To read more visit Social Policy and Administration.

 

Authors:: Maarse, J.A.M. and Jeurissen, P.P.                     Published: February 2016

As of 2015 a major reform in LTC is taking place in the Netherlands. An important objective of the reform is to reign in expenditure growth to safeguard the fiscal sustainability of LTC. Other objectives are to improve the quality of LTC by making it more client-tailored. The reform consists of four interrelated pillars: a normative reorientation, a shift from residential to non-residential care, decentralization of non-residential care and expenditure cuts. The article gives a brief overview of these pillars and their underlying assumptions.

To read more visit Health Policy.

Author: Peter Lloyd-Sherlock                                             Published: January 2016

This paper sets out a number of issues related to the translation of research into evidence and policy for long-term care (LTC) in low and middle income countries (LMICs). It assesses the role research can play in problem definition, including establishing the scale of long-term care demand in LMICs and identifying potential negative consequences of policy inaction. It also assesses the role that research can play in identifying and evaluating solutions to the problem, in the form of suitable policies and interventions. The paper demonstrates that the capacity for research to influence long-term care policy is very limited and it calls for the establishment of an adequately resourced global institutional hub to support research in this area and to promote knowledge-sharing between academics and policy-makers.

 

To read more visit Population Horizons.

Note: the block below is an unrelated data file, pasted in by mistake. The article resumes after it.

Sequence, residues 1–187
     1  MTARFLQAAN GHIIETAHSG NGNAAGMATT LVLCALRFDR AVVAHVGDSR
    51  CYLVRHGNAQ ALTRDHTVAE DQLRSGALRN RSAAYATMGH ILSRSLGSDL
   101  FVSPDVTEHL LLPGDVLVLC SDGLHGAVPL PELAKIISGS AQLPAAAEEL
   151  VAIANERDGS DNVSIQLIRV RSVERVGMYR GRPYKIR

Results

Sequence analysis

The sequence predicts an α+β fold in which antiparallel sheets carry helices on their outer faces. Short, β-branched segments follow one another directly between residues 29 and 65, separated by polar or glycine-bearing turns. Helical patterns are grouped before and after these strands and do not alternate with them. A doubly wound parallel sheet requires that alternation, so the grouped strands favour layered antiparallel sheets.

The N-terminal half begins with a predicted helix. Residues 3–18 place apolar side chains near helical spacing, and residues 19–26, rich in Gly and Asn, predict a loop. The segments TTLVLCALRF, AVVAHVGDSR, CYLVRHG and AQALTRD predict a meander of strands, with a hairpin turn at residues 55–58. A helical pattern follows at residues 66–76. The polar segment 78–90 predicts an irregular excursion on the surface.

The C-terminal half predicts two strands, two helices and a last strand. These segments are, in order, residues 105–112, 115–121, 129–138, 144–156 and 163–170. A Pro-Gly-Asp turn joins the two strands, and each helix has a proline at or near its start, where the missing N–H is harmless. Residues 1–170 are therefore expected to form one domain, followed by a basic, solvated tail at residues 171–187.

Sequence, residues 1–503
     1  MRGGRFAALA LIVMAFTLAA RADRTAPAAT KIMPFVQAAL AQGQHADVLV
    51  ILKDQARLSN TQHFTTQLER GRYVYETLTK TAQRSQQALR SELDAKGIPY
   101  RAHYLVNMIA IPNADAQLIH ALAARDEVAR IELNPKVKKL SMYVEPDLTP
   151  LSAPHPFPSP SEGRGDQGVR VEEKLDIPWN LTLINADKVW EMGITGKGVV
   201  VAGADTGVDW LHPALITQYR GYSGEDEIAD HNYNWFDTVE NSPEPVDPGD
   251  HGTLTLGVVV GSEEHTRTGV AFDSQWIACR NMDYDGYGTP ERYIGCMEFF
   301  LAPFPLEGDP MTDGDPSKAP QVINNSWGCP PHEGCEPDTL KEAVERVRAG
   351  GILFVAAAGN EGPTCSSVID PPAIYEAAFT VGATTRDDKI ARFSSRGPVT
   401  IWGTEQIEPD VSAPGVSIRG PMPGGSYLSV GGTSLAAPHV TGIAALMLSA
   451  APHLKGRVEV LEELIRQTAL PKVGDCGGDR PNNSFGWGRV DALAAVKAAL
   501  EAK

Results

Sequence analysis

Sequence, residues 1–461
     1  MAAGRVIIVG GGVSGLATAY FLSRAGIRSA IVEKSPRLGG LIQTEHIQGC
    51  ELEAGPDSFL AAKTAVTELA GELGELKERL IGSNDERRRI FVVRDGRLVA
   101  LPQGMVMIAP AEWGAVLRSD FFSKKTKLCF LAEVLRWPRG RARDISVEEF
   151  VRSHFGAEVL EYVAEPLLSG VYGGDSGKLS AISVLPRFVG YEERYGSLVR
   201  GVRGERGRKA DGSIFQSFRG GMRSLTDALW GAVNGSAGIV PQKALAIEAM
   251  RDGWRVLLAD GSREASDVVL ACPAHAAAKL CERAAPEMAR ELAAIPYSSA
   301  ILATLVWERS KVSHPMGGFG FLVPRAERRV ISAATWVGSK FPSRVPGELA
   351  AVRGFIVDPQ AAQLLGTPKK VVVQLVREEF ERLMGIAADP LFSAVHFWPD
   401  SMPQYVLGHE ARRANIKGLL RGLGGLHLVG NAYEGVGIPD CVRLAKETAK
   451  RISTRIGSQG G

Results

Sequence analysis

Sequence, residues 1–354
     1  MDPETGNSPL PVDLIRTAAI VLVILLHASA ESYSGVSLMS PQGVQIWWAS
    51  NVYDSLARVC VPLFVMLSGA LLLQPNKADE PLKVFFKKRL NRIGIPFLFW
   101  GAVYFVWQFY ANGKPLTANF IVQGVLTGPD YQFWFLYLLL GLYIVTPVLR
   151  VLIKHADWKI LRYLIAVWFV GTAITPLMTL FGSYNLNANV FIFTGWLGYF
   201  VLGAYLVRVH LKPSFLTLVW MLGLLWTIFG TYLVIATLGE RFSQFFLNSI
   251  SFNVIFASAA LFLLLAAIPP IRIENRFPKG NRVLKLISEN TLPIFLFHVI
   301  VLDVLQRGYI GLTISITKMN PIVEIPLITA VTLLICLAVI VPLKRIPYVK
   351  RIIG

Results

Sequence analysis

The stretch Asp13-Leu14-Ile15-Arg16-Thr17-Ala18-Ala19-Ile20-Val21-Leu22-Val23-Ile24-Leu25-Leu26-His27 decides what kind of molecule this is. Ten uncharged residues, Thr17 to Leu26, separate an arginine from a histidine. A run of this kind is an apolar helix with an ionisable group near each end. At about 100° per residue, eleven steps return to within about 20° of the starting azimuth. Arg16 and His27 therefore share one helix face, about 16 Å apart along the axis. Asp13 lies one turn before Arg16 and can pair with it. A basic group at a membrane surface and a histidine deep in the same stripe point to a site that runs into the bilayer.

Authors: Chapman, A. & Yeandle, S.      Published: January 2016

This Policy Brief is based on a policy-practice workshop ‘Advances in telecare: new solutions for carers and older people’, held at Queen’s University Belfast on 9 June 2015. The brief includes an overview of four presentations at the workshop covering a study of telecare, older people and those caring for them in England (Sue Yeandle); on a telemonitoring scheme in Northern Ireland’s health and social care system (Soo Hun); on the use of GPS systems in occupational therapy to support people living with dementia (Karen Walls); and on Carers UK’s work to support effective implementation of technology (Steve Peebles).

To read more please visit ARK website.

Editors: Gori, C., Fernandez, J.L. & Wittenberg, R.

Published: December 2015

The book brings together evidence from over 15 years of care reform to examine changes in long-term care systems occurring in OECD countries. It discusses and compares key changes in national policies and examines the main successes and failures of recent reforms. Finally, it suggests possible policy strategies for the future in the sector.

To read more visit Policy Press.